Multiphase Chemistry Controls Inorganic Chlorinated and Nitrogenated Compounds in Indoor Air during Bleach Cleaning
journal contributionposted on 2020-01-24, 20:04 authored by James M. Mattila, Pascale S. J. Lakey, Manabu Shiraiwa, Chen Wang, Jonathan P.D. Abbatt, Caleb Arata, Allen H. Goldstein, Laura Ampollini, Erin F. Katz, Peter F. DeCarlo, Shan Zhou, Tara F. Kahan, Felipe J. Cardoso-Saldaña, Lea Hildebrandt Ruiz, Andrew Abeleira, Erin K. Boedicker, Marina E. Vance, Delphine K. Farmer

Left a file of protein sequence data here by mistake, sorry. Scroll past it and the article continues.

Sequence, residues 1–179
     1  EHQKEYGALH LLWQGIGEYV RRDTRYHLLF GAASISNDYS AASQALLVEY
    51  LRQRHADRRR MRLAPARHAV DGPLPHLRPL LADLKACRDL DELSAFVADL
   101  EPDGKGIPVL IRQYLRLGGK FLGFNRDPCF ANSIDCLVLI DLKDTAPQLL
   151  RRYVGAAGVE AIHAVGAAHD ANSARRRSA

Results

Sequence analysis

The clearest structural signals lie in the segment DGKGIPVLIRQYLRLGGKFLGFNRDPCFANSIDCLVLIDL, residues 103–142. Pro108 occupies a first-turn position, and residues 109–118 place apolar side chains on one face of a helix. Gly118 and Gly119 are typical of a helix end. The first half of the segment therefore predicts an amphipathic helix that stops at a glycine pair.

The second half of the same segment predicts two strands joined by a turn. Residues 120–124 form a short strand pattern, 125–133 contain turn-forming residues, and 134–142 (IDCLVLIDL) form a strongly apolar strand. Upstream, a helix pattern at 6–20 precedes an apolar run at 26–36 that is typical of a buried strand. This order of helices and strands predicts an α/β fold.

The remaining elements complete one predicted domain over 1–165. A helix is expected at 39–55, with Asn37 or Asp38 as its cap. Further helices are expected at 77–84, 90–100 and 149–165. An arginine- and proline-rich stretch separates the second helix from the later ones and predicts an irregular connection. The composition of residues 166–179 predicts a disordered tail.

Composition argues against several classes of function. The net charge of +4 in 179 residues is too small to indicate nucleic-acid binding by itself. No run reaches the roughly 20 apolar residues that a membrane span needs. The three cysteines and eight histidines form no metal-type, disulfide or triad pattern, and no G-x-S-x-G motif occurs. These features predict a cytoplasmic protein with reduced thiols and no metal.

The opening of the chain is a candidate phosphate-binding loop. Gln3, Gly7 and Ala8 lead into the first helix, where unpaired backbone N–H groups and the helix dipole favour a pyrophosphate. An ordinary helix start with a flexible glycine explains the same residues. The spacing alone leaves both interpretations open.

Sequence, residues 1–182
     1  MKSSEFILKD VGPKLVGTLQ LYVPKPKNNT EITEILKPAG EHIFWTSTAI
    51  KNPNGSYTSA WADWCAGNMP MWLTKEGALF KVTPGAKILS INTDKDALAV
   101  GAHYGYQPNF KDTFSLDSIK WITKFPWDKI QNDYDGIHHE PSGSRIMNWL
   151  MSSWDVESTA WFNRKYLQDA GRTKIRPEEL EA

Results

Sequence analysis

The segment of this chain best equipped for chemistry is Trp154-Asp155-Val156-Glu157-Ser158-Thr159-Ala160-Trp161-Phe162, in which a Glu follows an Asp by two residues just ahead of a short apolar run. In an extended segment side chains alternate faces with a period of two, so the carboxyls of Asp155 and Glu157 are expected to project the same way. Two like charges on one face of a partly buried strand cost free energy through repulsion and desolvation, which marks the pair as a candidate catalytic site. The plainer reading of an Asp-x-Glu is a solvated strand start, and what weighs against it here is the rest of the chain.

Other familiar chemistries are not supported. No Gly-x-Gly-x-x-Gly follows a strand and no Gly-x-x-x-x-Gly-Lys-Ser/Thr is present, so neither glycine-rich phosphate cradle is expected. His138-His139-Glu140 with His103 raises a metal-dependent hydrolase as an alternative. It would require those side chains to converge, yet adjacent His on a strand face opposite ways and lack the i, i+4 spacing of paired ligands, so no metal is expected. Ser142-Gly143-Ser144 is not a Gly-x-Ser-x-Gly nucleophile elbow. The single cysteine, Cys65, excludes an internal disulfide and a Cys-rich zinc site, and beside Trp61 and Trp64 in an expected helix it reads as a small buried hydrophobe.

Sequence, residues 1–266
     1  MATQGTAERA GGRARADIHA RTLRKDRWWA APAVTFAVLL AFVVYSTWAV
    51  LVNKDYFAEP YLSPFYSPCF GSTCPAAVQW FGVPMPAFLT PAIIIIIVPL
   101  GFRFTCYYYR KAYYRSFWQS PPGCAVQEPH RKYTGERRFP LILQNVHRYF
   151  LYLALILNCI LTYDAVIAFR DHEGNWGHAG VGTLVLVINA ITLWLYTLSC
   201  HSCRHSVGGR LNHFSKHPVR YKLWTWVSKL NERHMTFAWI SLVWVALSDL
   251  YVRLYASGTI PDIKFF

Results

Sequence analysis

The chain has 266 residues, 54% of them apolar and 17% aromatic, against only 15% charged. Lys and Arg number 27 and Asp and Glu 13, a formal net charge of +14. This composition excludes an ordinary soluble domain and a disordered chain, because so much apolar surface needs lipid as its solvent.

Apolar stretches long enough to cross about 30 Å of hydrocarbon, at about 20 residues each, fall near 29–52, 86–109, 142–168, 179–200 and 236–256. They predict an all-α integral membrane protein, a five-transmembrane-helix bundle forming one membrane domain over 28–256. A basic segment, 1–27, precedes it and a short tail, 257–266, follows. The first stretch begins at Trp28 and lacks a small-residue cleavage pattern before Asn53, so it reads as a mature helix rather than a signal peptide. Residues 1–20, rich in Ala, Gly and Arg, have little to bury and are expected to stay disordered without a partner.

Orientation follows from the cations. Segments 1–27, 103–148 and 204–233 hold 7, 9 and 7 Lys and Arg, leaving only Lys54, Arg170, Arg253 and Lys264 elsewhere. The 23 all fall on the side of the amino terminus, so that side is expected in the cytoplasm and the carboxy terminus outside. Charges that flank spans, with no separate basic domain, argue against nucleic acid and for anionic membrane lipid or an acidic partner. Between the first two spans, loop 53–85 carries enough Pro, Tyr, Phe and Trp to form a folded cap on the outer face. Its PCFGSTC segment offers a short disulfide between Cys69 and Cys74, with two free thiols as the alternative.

We report elevated levels of gaseous inorganic chlorinated and nitrogenated compounds in indoor air while cleaning with a commercial bleach solution during the House Observations of Microbial and Environmental Chemistry field campaign in summer 2018. Hypochlorous acid (HOCl), chlorine (Cl2), and nitryl chloride (ClNO2) reached part-per-billion by volume levels indoors during bleach cleaningseveral orders of magnitude higher than typically measured in the outdoor atmosphere. Kinetic modeling revealed that multiphase chemistry plays a central role in controlling indoor chlorine and reactive nitrogen chemistry during these periods. Cl2 production occurred via heterogeneous reactions of HOCl on indoor surfaces. ClNO2 and chloramine (NH2Cl, NHCl2, NCl3) production occurred in the applied bleach via aqueous reactions involving nitrite (NO2–) and ammonia (NH3), respectively. Aqueous-phase and surface chemistry resulted in elevated levels of gas-phase nitrogen dioxide (NO2). We predict hydroxyl (OH) and chlorine (Cl) radical production during these periods (106 and 107 molecules cm–3 s–1, respectively) driven by HOCl and Cl2 photolysis. Ventilation and photolysis accounted for <50% and <0.1% total loss of bleach-related compounds from indoor air, respectively; we conclude that uptake to indoor surfaces is an important additional loss process. Indoor HOCl and nitrogen trichloride (NCl3) mixing ratios during bleach cleaning reported herein are likely detrimental to human health.